“The Sky’s The Limit — Women Pioneers in Aviation” by Wendy Boase. 223pp. 9 1/2″ x 6 1/4″ (Osprey Publishing Limited, 12-14 Long Acre, London WC2E 9LP. £5.95)
This book, by attractive Wendy Boase, got itself on Television, because it came out on the anniversary of women taking to the air. It covers concisely the careers of such famous woman pilots as the Duchess of Bedford, Lady Heath, Lady Bailey, Amelia Earhart, Amy Johnson, Anne Lindbergh, Jean Batten and Hanna Reitsch, etc., with a look at the pioneers of 1910 onwards, the brave war-time ATS girl-pilots, and those who have continued into the present, like gallant Sheila Scott. Thus this book is yet another one about the old days, pleasing to a Nation given to looking backwards. But the chapters are rather too brief, and it is the pictures, capturing the atmosphere of the never-to-return record-breaking days of the light aeroplanes, that make it attractive. However, as a quick recall of which girl-pilot was which and did what, and of their personalities and careers, I suppose the Australian writer has done a reasonable job. She has certainly been generous in publishing a long bibliography of books which give a fuller insight into those heady flying days of long ago. (I was disappointed, however, that in her passing reference to Elly Beinhorm, the authoress did not mention that pilot’s marriage to the great racing driver Bernd Rosemeyer, nor has she had room to refer to the rally driving of Amy Mollison or to the motoring associations (apart from presentation to her of an MG) of Jean Batten, etc. – W.B.
“Jaguar — Motor Racing and the Manufacturer” by R. F. Berry. 94 pp. 85 illustrations. 8″ x 5 1/4″ (Patrick Stephens Ltd., Bar Hill Cambridge. £3.50).
In 1976 Bob Berry was a guest at the Monterrey Historic Car Races Salute to Jaguar. and while there this former Jaguar PRO, accomplished Jaguar racing driver and at the time Director, Sales Operations, Leyland Cars, read a paper to the San Francisco Chapter of the Society of Automobile Engineers. This small book, printed and published by the Aztex Corporation in the States, edited by John Dugdale and marketed here by PSL, is a complete transcript of that interesting address.
It is a great pity that the production budget should have been restricted, for the many good photographs are poorly reproduced — not much better than photostat standard. The text makes it a cheap and worthwhile buy for Jaguar enthusiasts, however. The general history of Jaguar and much of the competition background will be familiar territory to those readers, though refreshed by the ‘first-hand reflections and descriptions of an “insider”.
Berry’s treatise covers what I believe is new ground in published Jaguar works with the reproduction of power against performance curves for the racing Jaguars, with that of a standard 1950 XK 120 as the comparative base line. I won’t remove a reason for buying this book by revealing all the figures; however, the XK120 is quoted as having 161 b.h.p., a weight of 3,000 lb. and a theoretical maximum speed of 130. m.p.h. The last graph shows the power-performance curve of a 1956 “works” long-nose D-type fitted with the very last 3.8 fuel-injection engine built at Browns Lane for racing. It gave 270 b.h.p., weighed 1,950 lb. and on the right gearing is shown to be capable of 181 m.p.h. It is interesting to see that the XK 120 had a smaller frontal area, at 13.86 sq. ft., than the more aerodynamically advanced wide-screen, 1956 D-type, at 14.5 sq. ft.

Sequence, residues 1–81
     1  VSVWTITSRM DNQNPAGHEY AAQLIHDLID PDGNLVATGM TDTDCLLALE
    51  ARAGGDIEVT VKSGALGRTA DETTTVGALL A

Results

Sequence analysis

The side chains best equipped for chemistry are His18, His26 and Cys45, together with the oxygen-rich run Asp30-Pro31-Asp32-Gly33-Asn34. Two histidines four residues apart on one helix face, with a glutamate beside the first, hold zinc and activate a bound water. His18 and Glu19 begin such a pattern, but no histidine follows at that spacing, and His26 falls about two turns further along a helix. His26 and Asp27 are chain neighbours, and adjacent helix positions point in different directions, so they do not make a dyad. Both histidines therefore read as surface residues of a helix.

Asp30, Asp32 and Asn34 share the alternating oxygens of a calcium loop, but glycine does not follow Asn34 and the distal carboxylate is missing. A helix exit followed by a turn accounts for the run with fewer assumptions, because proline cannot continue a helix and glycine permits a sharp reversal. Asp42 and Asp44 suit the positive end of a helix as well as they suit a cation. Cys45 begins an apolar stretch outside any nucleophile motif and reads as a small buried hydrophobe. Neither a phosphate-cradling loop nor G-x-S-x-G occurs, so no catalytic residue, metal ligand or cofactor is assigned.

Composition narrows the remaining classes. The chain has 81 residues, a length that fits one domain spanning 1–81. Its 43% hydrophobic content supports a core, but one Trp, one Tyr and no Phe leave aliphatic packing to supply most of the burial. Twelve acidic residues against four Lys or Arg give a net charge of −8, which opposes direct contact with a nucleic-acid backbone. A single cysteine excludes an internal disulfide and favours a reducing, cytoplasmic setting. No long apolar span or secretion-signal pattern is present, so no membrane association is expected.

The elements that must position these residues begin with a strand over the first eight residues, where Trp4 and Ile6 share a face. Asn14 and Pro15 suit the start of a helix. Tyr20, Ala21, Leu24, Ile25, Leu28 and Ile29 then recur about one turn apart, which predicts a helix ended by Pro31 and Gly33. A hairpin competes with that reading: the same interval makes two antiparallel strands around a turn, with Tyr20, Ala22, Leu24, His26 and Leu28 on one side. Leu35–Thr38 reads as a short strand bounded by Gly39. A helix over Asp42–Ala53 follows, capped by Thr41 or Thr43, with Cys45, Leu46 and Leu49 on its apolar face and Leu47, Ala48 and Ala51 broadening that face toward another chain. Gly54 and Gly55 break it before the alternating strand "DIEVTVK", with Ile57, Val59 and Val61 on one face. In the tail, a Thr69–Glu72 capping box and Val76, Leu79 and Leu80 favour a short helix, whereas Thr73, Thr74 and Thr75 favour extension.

Berry says that the injected D-types were markedly quicker through slow and medium corners, particularly in the wet, because of more progressive throttle response, though the power curves were similar.
He confirms the figure of 344 b.h.p. as the highest output recorded for a racing 3.8-litre 6-cylinder engine — the alloy block, fuel-injected unit fitted to Peter Lindners lightweight E-type. I was taken to task (by Andrew Whyte, I think) for quoting that figure in Motor Sport, May 1975.
There are diagrammatic illustrations of drag and weight distribution on the racing Jaguars. He relates that drag horsepower was reduced from 68 to 33 from the XK120 to the 1955 D-type (12.5 sq. ft. frontal area).
As there were no engineers employed purely for racing, competition among the staff to be assigned to the project was “fierce beyond belief”, while Coventry car workers queued to find work at “The Jaguar” to bathe in the reflected glory from racing. Other benefits of racing to Jaguar were astonishing morale amongst the workforce, which improved quality, rapid development of production components and, from co-operation between Jaguar and Dunlop, accelerated development of radial-ply tyre construction.